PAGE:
Google’s New $70 Million CFO

Google’s new CFO Ruth Porat left her top Wall Street job for a $70 million dollar compensation package. The deal includes a $650,000 a year salary and $70 million in bonuses and stock grants.

Leaving Wall Street for Silicon Valley

Google has hired former Morgan Stanley CFO Ruth Porat as their new Chief Financial Officer. Porat’s base salary will amount to $650,000 per year. Sweetening the deal is a $5 million dollar signing bonus, $25 million in the form of a new hire grant in Google stock and another grant worth $40 million. To get all the money, Porat will have to stay with the tech giant for a minimum of four years. Google has also agreed to pay Porat’s moving expenses for her move from New York to California. She is taking over the position of CFO from Patrick Pinchette, who announced recently that he’s leaving Google to spend more time with his family.

ruth porat google 70 million

Ruth Porat, Google’s new $70 million dollar CFO.

Porat graduated from Stanford and has worked at Morgan Stanley since 1987. She’s been called the most powerful woman on Wall Street. She advised the U.S. government as it worked to untangle the 2008 financial crisis, providing advice on the rescues of Fannie Mae, Freddie Mac and AIG.

Porat also led the way on raising funds for the startup financing rounds of companies like eBay, Amazon, Verisign and Priceline.

Porat isn’t the only Wall Street heavyweight leaving New York for Silicon Valley. Twitter’s new CFO Anthony Noto received $61 million in stock shares to leave Goldman Sachs.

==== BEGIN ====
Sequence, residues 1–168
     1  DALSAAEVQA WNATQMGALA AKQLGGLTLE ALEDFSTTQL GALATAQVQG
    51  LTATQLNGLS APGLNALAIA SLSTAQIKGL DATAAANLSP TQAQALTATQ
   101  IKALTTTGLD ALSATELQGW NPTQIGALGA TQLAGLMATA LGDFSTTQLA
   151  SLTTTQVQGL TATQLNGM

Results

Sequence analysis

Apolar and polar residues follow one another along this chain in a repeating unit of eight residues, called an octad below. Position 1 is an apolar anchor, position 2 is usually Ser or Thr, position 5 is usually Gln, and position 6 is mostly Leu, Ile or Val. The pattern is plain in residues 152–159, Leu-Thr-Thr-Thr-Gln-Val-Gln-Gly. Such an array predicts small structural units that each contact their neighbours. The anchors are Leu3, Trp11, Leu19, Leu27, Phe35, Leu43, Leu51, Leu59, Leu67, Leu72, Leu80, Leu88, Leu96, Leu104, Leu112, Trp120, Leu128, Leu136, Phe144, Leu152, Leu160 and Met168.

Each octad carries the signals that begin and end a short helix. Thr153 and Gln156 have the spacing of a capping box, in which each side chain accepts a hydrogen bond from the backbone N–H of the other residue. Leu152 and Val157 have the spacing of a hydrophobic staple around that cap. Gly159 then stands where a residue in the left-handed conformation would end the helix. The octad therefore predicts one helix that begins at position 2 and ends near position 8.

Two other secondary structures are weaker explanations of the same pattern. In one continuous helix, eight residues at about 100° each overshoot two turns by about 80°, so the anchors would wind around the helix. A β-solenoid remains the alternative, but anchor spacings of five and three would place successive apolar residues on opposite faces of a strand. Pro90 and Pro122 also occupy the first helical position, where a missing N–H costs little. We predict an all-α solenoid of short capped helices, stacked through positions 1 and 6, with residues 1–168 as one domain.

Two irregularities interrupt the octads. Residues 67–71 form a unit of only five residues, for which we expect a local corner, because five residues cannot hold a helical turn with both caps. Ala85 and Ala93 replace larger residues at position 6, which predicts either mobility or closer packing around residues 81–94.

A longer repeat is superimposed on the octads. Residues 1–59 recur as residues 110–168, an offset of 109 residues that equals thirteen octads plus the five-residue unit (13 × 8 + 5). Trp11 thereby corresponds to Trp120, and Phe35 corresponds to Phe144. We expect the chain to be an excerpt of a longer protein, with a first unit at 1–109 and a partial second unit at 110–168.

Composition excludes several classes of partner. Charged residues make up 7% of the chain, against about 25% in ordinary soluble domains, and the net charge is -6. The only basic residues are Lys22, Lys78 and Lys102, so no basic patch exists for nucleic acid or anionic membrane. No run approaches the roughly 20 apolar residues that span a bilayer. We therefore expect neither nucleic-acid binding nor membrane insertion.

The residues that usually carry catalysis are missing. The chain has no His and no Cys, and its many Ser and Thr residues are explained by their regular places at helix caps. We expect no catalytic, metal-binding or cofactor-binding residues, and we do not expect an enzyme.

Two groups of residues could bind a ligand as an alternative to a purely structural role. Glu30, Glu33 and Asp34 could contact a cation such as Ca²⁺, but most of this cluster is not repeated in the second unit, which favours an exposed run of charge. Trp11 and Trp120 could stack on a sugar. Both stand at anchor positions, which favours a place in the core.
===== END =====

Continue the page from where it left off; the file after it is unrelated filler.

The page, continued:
The trend from Wall Street to tech has also trickled down to new college graduates. Only 10% of MIT graduates entered careers in the financial industry in 2014. Compare that to 31% just eight years earlier. Meanwhile, 28% of all MIT graduates went to work in the tech industry in 2014. That’s a flip flop from only 10% entering tech careers in 2006.

Similarly, Harvard business school is pumping 10% less of its graduates into financial industry careers than it did ten years ago. At the same time, the number of graduates entering tech careers has risen by the same percentage.

It’s not that Wall Street is suffering a brain drain. In 2014, Morgan Stanley had 90,000 applicants for about a thousand low level summer jobs. There is however a trend of talent siphoning away from the financial sector, including high-level programmers. At the same time, new financial software firms and applications like Square, Stripe, and peer to peer lending company Prosper are challenging the financial industry. The changes have led some to speculate that it’s not just a drain on human capital from the financial industry to the tech sector, but a paradigm shift in the way finance is being handled.

Financial products like loans, credit cards, payments and banks are now increasingly dependent on software and ever more vulnerable to technological attacks. At some point, it’s not hard to imagine that financial companies will stop hiring programmers to handle the software side of the business, but software firms will start hiring financial people to handle the finance.